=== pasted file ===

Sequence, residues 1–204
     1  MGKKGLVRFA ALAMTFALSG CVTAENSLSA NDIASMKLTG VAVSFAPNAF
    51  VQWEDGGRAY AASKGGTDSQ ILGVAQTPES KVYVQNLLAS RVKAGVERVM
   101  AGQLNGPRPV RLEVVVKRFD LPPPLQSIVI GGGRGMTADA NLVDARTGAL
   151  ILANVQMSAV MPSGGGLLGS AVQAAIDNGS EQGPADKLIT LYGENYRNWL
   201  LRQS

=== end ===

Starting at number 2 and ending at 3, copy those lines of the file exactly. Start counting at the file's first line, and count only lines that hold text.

     1  MGKKGLVRFA ALAMTFALSG CVTAENSLSA NDIASMKLTG VAVSFAPNAF
    51  VQWEDGGRAY AASKGGTDSQ ILGVAQTPES KVYVQNLLAS RVKAGVERVM